2. Making sauces, jams and chutneys: Cranberry sauce will freeze nicely until we're ready to use it. Jams are designed to be stored, and chutneys are considerably better if they have a few weeks to mature and develop their flavours. This year I plan to make a spiced apple chutney (it's an old favourite that I make every year, and never seem to be able to make enough to satisfy everyone!), sparkly plum jam (with edible glitter), cranberry sauce, and some sort of cranberry and apple jelly. The apples for the chutney are already cooked and stored in the freezer, so the chutney preparation will be low-effort - just adding the flavours.

    3. Still plodding away at the Christmas cards: Helen (over at the Creaky Girl blog) suggested mail-merging addresses to print out onto sticky labels for the cards. I am definitely going to do this! The strength in my hands isn't great, and I get a lot of pain and illegible handwriting after a short time, so it seems sensible to conserve my hand function for the message, rather than wasting it writing names and addresses onto envelopes. As Helen rightly pointed out, it's quite a lot of effort initially, but I will be able to use the list again and again. Wish I'd done that for our wedding invitations and thank you cards!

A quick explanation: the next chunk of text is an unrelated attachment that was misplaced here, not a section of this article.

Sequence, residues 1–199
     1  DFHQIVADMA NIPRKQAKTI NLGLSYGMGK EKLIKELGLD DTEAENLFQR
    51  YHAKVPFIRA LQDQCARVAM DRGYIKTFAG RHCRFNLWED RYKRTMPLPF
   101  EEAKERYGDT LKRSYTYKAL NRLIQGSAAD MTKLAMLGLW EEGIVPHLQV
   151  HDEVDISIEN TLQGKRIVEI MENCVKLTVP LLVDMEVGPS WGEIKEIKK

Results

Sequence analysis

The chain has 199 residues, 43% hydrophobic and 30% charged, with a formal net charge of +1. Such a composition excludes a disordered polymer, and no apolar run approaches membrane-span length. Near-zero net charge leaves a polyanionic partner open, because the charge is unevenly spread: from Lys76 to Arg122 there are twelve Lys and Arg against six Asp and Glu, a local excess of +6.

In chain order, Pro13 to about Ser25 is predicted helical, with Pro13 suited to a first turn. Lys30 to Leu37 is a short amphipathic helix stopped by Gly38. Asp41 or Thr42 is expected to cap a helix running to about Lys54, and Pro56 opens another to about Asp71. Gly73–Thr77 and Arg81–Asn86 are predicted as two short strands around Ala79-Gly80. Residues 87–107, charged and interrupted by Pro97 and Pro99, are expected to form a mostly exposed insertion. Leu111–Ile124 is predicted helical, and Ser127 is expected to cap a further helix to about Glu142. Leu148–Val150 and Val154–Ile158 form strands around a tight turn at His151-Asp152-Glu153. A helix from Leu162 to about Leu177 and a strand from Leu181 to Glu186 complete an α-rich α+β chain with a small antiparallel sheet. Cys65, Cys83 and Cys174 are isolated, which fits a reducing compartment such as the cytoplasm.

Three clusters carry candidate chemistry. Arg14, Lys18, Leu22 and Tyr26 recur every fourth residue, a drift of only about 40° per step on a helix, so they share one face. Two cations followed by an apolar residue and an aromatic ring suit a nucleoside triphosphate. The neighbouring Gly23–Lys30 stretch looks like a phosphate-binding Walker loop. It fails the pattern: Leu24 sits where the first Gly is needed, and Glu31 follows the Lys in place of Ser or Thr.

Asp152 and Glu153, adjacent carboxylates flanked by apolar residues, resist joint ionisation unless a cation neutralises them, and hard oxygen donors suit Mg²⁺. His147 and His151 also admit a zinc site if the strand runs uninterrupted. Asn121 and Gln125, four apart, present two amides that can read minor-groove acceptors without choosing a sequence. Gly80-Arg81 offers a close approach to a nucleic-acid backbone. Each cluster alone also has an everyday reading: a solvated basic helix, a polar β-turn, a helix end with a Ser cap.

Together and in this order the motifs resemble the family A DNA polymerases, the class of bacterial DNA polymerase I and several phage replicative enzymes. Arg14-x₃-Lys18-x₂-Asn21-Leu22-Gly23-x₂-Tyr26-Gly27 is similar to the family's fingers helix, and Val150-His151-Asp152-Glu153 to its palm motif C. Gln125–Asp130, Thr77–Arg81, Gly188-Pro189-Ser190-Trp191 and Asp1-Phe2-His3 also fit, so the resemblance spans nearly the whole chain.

4. Wrapping presents: We have a theme every year. This year it's brown paper with brightly-coloured ribbon and the names of the recipients stamped onto the paper. I haven't decided whether I'm going to emboss the names or not. I'll see how much my wrists hurt after wrapping. Thank goodness for sellotape dispensers! I have different boxes for the wrapped presents, depending on where they're going - thankfully this year we only have two stops on our Christmas tour, but in previous years we've had four or five stops, with a corresponding number of boxes. Once the boxes are filled, they're ready to sit until we leave for our Christmas tour, when they can be lifted straight into the boot of the car. Easy!

    Wrapping paper theme for Christmas 2011 - brown paper and ribbon

    5. Choosing (and ordering online) the wine for Christmas Day: We are spending Christmas with Richard's family up in the North West this year. We've been told that we don't need to help with the meal, as we'll be doing a lot of traveling, but Richard will make his traditional chocolate roulade and I'll bring chutneys and jams, which is a good tactical move, as I want to contribute something, but probably won't be much more use than a bump on a log after all the traveling! We've also offered to choose and bring the wine for Christmas Day. It's fun to choose wine to go with each course, with sherry to start and port to finish. We put money aside each month during the year as a 'wine fund', so this isn't an extra Christmas expense, thankfully.